Are you ready to scale your company to the next level?
When is your company truly ready to enter or exit the market? That is the real question. When is the right moment to do something groundbreaking?
A company goes through similar ‘life’ phases to a human. Just like a child is born and it grows up, your business is founded and it grows steadily. As this kid goes through puberty and studies to get ahead of others, your company goes through ups and downs, but you; the founder, never give up to learn the pathway to success. As our exemplar meets someone and marries that given person, your company meets an investor or a strategist who is willing to experience a long, unforgettable journey with you. Perhaps our exemplar makes kids or gets a divorce before they leave their inheritance behind. Similarly, your company could diversify its branches; it could expand or, in a worse case scenario, the number of employees in the firm could shrink. In the end, your company exits the market through an acquisition or by its listing its shares on the stock exchange. This is how comparable the phases of a human life are to the phases of a company. Every individual and every firm are unique. Everybody thinks that it’s them who’ll make the grand difference in this world – hopefully for the better. What matters is if you’re just living for the sake of it or if you’re reaping the fruits of every day.
Growing your business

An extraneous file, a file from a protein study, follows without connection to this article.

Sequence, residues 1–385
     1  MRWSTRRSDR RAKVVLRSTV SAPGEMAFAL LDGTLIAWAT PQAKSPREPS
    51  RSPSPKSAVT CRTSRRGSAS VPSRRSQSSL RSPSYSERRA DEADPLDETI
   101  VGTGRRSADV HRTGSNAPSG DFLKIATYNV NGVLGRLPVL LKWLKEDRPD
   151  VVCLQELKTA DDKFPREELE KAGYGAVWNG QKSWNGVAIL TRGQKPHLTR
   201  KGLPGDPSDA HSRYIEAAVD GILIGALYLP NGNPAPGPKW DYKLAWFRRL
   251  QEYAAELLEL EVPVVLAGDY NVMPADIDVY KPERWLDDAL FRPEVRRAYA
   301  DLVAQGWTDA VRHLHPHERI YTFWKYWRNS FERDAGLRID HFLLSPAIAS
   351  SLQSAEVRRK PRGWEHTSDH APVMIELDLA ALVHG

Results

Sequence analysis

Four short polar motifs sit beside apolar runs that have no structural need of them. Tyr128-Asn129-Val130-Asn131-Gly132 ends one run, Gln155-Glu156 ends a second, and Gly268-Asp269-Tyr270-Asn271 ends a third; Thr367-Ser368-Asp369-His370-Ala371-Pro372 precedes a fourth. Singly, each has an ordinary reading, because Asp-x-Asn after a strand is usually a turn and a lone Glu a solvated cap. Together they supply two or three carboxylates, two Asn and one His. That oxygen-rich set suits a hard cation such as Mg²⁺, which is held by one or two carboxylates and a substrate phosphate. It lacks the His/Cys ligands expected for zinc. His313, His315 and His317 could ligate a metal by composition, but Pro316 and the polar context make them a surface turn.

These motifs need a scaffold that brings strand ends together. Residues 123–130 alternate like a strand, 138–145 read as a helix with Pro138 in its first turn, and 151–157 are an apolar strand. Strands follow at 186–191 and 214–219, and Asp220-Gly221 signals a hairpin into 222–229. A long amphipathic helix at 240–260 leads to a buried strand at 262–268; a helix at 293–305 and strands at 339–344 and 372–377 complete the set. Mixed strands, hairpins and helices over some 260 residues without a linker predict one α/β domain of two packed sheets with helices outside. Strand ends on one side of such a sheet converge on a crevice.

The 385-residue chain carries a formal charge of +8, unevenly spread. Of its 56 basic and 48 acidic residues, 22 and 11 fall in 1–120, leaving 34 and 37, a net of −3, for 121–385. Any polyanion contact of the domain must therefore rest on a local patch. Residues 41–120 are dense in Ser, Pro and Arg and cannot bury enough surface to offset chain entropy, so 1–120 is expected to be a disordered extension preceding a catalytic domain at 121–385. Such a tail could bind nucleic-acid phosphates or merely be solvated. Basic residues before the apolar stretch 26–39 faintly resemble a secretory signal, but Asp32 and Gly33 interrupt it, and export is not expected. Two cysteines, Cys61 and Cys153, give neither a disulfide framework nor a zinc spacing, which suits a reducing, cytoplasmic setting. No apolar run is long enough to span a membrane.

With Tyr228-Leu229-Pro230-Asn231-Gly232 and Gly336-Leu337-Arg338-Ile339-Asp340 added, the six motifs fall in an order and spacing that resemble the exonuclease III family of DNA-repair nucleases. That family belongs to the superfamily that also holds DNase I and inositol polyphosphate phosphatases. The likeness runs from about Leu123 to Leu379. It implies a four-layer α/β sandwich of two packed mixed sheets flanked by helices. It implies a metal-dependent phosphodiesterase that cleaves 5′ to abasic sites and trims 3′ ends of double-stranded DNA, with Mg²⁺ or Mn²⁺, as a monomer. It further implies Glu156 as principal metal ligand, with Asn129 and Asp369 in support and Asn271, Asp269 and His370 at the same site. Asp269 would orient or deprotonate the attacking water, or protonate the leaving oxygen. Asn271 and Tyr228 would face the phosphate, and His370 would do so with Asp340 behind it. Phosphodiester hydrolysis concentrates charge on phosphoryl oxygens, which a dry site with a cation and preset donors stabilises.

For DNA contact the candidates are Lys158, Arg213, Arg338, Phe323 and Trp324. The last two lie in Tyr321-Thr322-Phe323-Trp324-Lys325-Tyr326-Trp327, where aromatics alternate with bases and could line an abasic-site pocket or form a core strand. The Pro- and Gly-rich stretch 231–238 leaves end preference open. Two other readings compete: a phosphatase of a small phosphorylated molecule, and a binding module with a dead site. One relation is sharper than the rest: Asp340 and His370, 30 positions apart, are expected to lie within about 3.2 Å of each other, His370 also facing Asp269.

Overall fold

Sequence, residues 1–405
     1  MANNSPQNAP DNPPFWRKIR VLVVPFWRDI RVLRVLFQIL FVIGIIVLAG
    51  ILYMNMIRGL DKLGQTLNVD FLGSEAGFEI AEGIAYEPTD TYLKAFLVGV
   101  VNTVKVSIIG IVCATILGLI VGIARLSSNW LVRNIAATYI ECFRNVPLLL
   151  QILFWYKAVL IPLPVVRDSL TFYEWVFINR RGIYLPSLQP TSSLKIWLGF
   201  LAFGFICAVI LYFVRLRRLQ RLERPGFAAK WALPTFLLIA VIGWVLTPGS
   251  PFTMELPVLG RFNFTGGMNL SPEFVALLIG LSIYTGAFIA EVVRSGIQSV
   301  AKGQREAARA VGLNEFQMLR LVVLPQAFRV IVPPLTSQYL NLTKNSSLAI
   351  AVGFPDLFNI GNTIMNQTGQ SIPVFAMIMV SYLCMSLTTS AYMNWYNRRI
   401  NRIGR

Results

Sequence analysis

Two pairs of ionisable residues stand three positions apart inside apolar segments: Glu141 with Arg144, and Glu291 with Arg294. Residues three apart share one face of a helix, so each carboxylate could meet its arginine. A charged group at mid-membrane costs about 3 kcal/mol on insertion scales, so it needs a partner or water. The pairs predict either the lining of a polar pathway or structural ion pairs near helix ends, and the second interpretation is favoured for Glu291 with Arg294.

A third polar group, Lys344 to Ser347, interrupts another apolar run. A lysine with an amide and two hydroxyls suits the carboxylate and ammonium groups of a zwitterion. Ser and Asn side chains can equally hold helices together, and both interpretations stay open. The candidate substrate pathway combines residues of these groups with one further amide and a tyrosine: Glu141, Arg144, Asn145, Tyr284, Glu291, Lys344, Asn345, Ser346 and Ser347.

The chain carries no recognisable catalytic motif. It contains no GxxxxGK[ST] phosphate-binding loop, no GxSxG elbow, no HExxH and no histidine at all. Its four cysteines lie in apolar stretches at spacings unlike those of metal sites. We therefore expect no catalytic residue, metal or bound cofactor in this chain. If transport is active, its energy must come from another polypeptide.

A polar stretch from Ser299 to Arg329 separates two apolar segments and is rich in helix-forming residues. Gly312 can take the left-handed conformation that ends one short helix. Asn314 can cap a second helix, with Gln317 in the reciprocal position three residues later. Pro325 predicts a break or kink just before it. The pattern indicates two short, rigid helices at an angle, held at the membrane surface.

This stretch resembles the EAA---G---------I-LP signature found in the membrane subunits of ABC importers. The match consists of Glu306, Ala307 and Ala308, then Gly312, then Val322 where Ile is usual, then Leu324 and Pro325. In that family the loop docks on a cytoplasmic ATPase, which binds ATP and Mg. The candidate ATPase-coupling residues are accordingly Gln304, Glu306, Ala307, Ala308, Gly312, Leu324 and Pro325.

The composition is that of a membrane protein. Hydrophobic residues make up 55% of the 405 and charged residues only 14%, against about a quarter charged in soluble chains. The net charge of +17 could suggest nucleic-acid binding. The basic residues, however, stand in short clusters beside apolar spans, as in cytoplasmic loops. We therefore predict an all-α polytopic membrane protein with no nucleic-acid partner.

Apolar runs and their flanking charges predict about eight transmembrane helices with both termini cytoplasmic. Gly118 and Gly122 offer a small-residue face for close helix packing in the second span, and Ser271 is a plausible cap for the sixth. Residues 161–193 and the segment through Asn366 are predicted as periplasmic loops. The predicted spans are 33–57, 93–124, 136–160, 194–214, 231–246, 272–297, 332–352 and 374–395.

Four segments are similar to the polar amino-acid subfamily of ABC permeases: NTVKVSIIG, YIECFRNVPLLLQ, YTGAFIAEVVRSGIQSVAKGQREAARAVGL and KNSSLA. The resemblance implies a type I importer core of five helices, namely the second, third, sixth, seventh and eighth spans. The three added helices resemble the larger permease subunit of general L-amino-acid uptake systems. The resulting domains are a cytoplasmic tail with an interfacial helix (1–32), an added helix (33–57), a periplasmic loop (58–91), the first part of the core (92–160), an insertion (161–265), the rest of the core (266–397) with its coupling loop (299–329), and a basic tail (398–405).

When it comes to business, founders are naturally aiming to scale their companies fast. However, in most cases, this is a long process. Sometimes, you might be lucky despite setting up a company for the first time ever. In the later stages of the business ‘life,’ you’ll hopefully meet useful stakeholders to bond with (e.g. suppliers, customers and investors). What matters is that you remain to be yourself and that you don’t get distracted from steering the wheel the original direction. Follow the initial reason why your business was founded. Being different will be rewarded by getting an investor interested. This investor would only like to get on board if your company ‘looks good’ and if it didn’t cause too much trouble in the ‘puberty stage’ (while starting and scaling up). You may have tried various wild ideas, but what matters is whether it was all done for the overall bigger cause: to establish a solid business and to scale it up.
Shortest way to success
The difference between a human life and the ‘life’ of a business is that the latter could grow in a more structured way. When setting up a business, you plan, work, act, adjust your plans, etc. If you surround yourself with a good team of business developers and growth accelerators, you may find the shortest way to success. This means that there are several roadmaps to success. If you choose the right way and manage the journey to success in a structured way (through reporting on your progress, solid administration, solid sales plan, thought-out intellectual property strategy), an exit (sale of the company) would be easier to carry out once a buyer comes along.
Make success a way of living
If you just do your thing and think about the above-mentioned journey to success only at the moment when you really need to, then you are already falling behind the others. So our advice would be to develop your business so that it can grow and make this a way of living. We, ECFG and MK Subsidy, will happily help you with that!
Hans Bloemen (Managing Director/Partner at ECFG): firstname.lastname@example.org
Marketa Svobodova (Content Manager/Partnerships at MK Subsidy): email@example.com